One Hundred Year Study on Artificial Intelligence (AI100) – a panel discussion at #IJCAI-PRICAI 2020

21 January 2021

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One of the panel discussions at IJCAI-PRICAI 2020 focussed on the One Hundred Year Study on Artificial Intelligence (AI100). The mission of AI100 is to launch a study every five years, over the course of a century, to better track and anticipate how artificial intelligence propagates through society, and how it shapes different aspects of our lives. This IJCAI session brought together some of the people involved in the AI100 initiative to discuss their efforts and the direction of the project.

Taking part in the panel discussion were:

  • Mary L Gray (Microsoft Research & Harvard University)
  • Peter Stone (University of Texas at Austin)
  • David Robinson (Cornell University)
  • Johannes Himmelreich (Syracuse University)
  • Thomas Arnold (Tufts University)
  • Russ Altman (Stanford University)

The goals of the AI100 are “to support a longitudinal study of AI advances on people and society, centering on periodic studies of developments, trends, futures, and potential disruptions associated with the developments in machine intelligence, and formulating assessments, recommendations and guidance on proactive efforts”.

Working on the AI100 project are a standing committee and a study panel. The first study panel report, released in 2016, can be read in full here. This reports provide insights from people who work closely in the field, in part to counter the external perceptions and the hype which surround AI, and to accurately portray what is going on in the field. The intended audience for this report is broad, ranging from AI researchers to the general public, from industry to policy makers.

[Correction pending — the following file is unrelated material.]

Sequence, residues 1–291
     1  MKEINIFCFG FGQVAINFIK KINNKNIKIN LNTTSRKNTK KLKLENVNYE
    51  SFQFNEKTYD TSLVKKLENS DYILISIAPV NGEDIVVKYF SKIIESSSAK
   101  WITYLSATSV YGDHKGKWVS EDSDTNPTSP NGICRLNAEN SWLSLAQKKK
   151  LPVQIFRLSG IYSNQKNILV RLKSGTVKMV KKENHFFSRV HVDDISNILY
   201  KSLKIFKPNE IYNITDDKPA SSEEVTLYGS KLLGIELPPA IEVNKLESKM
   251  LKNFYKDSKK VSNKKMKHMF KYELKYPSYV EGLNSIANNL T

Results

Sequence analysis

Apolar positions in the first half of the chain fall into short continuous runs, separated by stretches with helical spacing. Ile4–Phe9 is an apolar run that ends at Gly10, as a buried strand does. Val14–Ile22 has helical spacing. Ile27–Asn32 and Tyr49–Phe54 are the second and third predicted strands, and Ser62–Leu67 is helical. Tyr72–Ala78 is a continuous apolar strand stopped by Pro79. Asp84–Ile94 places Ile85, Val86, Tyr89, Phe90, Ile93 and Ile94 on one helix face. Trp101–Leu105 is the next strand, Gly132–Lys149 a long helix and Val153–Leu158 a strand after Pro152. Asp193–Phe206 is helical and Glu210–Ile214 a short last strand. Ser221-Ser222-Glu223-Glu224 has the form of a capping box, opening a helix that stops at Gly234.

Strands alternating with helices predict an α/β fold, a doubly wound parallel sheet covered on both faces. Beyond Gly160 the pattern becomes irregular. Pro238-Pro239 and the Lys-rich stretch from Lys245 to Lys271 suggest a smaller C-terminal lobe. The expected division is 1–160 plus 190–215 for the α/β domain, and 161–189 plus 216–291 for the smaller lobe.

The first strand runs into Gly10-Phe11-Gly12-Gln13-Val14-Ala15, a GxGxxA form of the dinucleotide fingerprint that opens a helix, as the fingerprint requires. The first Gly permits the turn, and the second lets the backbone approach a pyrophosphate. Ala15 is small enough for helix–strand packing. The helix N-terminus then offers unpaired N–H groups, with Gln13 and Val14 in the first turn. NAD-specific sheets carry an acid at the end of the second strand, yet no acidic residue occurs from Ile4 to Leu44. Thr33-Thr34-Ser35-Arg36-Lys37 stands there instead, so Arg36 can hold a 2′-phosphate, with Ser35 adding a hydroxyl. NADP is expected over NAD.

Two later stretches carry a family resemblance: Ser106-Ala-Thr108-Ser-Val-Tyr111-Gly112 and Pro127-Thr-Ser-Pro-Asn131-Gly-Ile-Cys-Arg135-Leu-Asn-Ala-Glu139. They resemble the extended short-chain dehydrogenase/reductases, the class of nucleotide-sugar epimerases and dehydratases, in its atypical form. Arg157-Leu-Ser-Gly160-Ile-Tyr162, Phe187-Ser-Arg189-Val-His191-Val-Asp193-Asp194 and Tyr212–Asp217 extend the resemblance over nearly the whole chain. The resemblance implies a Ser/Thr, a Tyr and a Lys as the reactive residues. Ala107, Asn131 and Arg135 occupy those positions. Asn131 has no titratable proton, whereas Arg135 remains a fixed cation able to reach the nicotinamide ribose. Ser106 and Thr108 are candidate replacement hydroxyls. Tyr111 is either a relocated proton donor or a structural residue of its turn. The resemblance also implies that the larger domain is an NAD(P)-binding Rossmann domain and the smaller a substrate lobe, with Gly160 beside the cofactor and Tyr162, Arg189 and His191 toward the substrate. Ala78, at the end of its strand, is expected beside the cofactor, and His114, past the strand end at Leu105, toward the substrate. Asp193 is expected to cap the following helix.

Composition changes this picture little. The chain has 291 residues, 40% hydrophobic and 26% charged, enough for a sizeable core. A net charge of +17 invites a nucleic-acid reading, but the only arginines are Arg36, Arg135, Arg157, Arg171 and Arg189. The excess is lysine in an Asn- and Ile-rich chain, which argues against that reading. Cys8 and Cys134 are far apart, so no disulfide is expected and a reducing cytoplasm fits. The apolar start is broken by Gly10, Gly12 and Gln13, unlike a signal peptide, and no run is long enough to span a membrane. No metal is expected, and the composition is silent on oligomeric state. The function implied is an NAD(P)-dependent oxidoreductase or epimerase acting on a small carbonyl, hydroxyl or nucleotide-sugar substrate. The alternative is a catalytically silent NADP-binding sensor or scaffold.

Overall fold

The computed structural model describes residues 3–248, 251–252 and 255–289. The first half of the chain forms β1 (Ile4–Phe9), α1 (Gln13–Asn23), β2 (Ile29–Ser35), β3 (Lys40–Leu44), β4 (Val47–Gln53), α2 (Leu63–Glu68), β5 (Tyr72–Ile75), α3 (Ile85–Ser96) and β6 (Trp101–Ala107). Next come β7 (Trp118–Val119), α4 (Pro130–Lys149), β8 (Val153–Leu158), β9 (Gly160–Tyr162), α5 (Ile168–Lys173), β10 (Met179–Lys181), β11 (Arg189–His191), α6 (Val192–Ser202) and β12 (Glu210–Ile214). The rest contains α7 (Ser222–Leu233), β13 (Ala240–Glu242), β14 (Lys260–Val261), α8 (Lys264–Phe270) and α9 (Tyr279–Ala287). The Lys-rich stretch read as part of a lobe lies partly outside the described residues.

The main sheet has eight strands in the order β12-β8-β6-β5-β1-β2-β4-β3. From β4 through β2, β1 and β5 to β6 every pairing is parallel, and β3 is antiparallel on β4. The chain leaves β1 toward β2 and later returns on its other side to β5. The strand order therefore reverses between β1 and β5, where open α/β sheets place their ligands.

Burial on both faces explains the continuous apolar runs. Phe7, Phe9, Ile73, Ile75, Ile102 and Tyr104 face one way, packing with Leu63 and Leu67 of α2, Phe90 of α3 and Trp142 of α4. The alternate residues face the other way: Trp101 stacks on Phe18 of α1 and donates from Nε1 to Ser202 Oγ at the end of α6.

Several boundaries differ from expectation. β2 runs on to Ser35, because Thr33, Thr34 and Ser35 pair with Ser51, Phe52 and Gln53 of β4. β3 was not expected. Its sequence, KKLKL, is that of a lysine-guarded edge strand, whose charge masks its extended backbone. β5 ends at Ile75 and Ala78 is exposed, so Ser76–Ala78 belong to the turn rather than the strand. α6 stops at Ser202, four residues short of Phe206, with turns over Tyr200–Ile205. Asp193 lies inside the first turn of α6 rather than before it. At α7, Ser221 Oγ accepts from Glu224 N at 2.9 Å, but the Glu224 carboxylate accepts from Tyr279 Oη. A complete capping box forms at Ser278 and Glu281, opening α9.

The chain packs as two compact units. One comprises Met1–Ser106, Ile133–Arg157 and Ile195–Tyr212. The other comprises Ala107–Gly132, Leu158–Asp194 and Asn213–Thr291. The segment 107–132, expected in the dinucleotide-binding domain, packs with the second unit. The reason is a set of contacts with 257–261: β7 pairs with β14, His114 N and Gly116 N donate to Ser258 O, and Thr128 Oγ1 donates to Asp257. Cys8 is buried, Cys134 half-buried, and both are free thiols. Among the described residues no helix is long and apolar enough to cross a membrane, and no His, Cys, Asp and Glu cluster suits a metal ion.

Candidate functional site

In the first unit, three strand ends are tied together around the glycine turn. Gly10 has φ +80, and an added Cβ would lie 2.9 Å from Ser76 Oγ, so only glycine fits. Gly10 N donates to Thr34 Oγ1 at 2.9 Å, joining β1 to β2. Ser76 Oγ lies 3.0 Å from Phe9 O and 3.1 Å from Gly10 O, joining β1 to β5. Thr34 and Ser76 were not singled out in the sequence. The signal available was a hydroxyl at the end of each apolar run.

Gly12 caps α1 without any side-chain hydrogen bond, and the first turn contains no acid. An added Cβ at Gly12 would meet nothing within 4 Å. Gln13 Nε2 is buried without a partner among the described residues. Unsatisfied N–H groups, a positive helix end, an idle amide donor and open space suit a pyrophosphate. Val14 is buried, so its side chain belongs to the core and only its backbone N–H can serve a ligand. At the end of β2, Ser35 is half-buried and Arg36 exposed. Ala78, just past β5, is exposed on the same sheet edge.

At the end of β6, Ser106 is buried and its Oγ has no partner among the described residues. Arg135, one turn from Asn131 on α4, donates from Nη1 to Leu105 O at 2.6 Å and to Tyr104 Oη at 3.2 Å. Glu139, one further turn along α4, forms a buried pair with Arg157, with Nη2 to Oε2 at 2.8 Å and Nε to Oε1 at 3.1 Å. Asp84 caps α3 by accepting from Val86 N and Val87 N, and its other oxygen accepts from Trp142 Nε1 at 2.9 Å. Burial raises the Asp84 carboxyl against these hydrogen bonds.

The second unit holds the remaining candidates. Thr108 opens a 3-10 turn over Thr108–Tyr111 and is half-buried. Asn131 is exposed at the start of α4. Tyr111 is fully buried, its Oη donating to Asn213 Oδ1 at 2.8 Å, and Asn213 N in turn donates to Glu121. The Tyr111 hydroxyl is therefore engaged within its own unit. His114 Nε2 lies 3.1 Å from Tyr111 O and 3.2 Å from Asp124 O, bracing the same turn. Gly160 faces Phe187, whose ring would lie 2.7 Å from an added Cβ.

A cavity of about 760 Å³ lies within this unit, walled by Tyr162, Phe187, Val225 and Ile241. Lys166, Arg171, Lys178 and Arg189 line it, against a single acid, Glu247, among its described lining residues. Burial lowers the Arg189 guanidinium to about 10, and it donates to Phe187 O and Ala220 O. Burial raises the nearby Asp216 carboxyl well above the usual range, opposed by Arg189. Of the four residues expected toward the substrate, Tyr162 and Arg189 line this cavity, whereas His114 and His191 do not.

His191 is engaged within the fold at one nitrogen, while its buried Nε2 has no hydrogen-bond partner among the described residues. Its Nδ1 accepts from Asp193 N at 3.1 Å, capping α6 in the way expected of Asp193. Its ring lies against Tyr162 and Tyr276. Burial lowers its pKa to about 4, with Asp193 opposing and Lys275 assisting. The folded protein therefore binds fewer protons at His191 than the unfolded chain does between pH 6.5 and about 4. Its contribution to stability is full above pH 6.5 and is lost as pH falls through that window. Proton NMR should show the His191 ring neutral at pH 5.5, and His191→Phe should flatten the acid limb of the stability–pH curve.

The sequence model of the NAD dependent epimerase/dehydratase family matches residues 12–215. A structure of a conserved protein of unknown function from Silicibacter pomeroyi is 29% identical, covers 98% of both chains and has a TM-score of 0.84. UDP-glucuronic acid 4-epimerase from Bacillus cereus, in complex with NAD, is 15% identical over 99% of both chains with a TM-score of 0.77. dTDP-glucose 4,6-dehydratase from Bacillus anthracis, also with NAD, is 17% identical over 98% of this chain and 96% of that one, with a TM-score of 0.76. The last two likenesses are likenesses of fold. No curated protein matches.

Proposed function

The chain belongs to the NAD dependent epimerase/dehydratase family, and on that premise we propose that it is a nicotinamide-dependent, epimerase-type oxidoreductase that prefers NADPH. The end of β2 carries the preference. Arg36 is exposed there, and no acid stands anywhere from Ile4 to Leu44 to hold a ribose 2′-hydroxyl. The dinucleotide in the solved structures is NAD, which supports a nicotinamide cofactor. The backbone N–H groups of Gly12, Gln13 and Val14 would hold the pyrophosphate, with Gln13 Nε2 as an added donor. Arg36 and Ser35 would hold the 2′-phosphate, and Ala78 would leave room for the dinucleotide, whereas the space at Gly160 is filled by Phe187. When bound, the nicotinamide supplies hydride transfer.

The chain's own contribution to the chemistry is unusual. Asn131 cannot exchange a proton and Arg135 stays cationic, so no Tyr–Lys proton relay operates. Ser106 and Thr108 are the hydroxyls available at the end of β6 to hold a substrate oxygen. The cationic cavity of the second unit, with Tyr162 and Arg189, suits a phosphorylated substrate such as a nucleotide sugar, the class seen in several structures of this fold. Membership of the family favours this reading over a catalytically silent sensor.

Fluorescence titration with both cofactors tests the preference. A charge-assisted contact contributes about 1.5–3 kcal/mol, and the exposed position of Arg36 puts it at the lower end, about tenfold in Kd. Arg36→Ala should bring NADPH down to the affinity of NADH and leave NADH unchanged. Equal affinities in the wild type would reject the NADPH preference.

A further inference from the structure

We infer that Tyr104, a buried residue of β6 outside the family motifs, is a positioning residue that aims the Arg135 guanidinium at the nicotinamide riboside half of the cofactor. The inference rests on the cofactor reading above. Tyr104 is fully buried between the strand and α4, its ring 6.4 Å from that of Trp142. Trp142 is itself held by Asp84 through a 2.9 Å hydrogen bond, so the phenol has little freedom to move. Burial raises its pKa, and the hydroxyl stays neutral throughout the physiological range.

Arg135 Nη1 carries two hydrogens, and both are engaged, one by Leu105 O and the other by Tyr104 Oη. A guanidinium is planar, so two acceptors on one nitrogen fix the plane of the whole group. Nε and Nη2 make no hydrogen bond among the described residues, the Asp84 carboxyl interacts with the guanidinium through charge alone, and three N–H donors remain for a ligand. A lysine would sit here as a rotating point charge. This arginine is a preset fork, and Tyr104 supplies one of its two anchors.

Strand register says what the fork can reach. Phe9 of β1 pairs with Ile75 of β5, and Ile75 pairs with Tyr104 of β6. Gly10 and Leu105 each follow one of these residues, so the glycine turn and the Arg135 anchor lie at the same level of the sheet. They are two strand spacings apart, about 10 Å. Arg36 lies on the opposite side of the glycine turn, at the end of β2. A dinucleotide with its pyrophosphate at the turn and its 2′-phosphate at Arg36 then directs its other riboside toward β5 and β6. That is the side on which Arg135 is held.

The second study panel report, expected in late 2021, is now underway. It will be based, in part, on two study-workshops commissioned by the AI100 standing committee, one entitled “Coding Caring” and the other “Prediction in Practice”.

In the first part of the session, the panellists discussed their experiences from the two study workshops. These study groups brought together a whole range of stakeholders, including academics (from different disciplines), start-ups, care-givers, and other practitioners. They also brought in people who had created high-stakes AI applications and found out what it was like to maintain and integrate AI applications as part of a larger system. Their aim was to address conceptual, ethical and political issues via a multidisciplinary approach. Balancing the needs of systems users, customers, start-ups and the public sector is a fiendishly difficult challenge, but one that it is necessary to address.

In the second part of the session, we heard views on the value of the AI100 initiative. AI100 allows a periodic, longitudinal view of how AI is viewed by society, and aims to report realistic hopes and concerns. AI has progressed to the point where we need to be having conversations with practitioners about the implications of deploying AI systems in settings such as care and law. AI researchers should be aware of how their work impacts society.

Find out more about the next report here.


Lucy Smith , Managing Editor for AIhub.

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